The Foreign Policy tenet after Non-Alignment

GS 1 Post-independence consolidation and reorganization within the country.

GS 2 INTERNATIONAL RELATIONS- India’s Foreign Policy: NAM (Non-Aligned Movement)

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Introduction 

       Non-Alignment was a policy fashioned during the Cold War, to retain an autonomy of policy between two politico-military blocs- the Soviet and the American.It broadly united around NAM’s flagship campaigns for de-colonisation, universal nuclear disarmament and against apartheid.      The Foreign Minister said recently that non-alignment was a concept for a specific era and a particular context and independent decision making which stemmed from NAM, remained a factor in Indian foreign policy.

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Relevance:

      The organization was founded in Belgrade in 1961, and was largely conceived by India’s first prime minister, Jawaharlal Nehru; Indonesia’s first president, Sukarno; Egypt’s second president, Gamal Abdel Nasser; Ghana’s first president Kwame Nkrumah; and Yugoslavia’s President, Josip Broz Tito.

Principles:

Mutual respect for each other’s territorial integrity and sovereignty

• Mutual non-aggression

• Mutual non-interference in domestic affairs

Equality and mutual benefit

Peaceful co-existence.

Recent Status:

  • The soviet bloc was disbanded at the end of the Cold War.(no middle ground between two poles.)
  • Decolonisation has been almost complete.
  • Apartheid regime in South Africawas also dismantled.
  • campaign for universal nuclear disarmament is going nowhere.
  • NAM countries were able to diversify their network of relationships.
  • Non-alignment lost its relevance.

After Non-Alignment in India:

Successive formulations have been coined and rejected.

Strategic autonomy:a connotation similar to non-alignment, with an anti-U.S. tint.

Multi-alignment:impression of opportunism whereas India seeks strategic convergences.

Issue based Partnerships:a description that has not stuck.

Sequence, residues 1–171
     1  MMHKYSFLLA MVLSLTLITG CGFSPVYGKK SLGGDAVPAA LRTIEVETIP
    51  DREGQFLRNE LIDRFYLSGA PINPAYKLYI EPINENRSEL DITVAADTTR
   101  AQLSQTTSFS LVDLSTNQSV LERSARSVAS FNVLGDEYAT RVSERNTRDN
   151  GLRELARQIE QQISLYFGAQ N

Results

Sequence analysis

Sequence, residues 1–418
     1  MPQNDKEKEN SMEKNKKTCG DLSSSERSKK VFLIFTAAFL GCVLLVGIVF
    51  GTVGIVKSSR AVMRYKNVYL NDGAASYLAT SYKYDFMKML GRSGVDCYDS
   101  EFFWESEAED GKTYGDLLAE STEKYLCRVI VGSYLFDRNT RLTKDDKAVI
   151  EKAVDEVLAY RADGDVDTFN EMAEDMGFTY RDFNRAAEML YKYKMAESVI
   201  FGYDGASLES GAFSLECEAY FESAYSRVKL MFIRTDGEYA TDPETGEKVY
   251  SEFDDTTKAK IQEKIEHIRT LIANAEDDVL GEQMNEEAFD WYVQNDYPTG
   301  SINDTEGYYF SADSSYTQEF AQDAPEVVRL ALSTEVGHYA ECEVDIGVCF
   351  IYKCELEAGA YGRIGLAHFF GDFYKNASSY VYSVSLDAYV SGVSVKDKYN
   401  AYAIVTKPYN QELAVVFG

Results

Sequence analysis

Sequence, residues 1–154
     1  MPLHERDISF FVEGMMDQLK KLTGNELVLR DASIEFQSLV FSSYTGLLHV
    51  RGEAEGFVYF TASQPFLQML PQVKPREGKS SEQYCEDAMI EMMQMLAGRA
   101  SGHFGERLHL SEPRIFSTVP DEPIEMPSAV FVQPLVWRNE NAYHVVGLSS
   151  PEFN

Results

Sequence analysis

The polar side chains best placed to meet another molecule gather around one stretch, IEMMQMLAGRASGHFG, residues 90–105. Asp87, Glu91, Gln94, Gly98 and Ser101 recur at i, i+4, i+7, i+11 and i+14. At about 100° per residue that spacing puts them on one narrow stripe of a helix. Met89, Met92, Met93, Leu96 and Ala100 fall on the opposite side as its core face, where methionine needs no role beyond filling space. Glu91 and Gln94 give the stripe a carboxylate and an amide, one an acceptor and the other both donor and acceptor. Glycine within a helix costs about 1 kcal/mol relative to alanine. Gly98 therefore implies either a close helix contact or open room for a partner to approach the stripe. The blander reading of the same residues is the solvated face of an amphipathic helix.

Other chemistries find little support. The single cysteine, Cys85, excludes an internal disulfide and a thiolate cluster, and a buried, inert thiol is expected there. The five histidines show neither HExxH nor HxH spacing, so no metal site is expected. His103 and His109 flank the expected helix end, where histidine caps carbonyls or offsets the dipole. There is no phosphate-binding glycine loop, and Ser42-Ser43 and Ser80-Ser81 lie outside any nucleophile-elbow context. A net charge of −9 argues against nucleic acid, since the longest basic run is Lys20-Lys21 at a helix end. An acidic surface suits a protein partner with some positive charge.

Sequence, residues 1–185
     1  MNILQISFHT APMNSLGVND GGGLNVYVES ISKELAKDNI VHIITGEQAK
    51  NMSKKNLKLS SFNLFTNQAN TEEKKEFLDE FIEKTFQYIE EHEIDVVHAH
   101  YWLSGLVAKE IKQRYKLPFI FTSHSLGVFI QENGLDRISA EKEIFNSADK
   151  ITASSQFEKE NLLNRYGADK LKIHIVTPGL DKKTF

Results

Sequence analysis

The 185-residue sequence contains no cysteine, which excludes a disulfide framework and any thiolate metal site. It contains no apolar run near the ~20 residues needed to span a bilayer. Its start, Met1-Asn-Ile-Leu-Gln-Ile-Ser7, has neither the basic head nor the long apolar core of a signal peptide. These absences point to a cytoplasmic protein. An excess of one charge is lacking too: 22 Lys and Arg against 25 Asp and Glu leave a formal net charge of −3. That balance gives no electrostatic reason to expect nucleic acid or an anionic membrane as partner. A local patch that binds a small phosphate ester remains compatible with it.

Advancing prosperity and influence:aspirations on network of international partnerships seeks to further.(clashes with China has broken the strategic stand and decisive shift towards the United States.)

Drawbacks:

  • A cold war concept as non-alignment.(Ideological convergence and an existential military threatserved as factors)
  • Disintegration of the Warsaw pact meant that the international options of alliance partners widened.(NAM countries).
  • Strategic interests of alliance partners are no longer congruent.(NATO over the 2003 U.S. invasion of Iraq,policy towards Russia or West Asia)
  • The threat to the alliance partners today is from an assertive China, which they are reluctant.(because of economic engagement and huge military asymmetry.)

India’s interest:

  • India’s geostrategic imperative calls for securing the economic and security interests in Indo-Pacific.
  • Act East policy, engagement with East Asia and shared India-US interests in the maritime domain.
  • Connectivity and cooperation with Afghanistan.
  • Central Asia need engagement with Iran and Russia.
  • Strong India-Russia relations may deter strong Russia-China relations where China stands the adversarial neighbour.
  • Indo-US relations(could pursue shared objectives to mutual benefit and accept that differences of perspectives.)

Conclusion

       The world order of today has been described as militarily unipolar, economically multipolar and politically confused. COVID-19 may scramble the economics and deepen the confusion further.

        India will acquire a larger global profile, when it commences a two-year term on the UN Security Council. The strategic choices in its bilateral partnerships will be closely watched.

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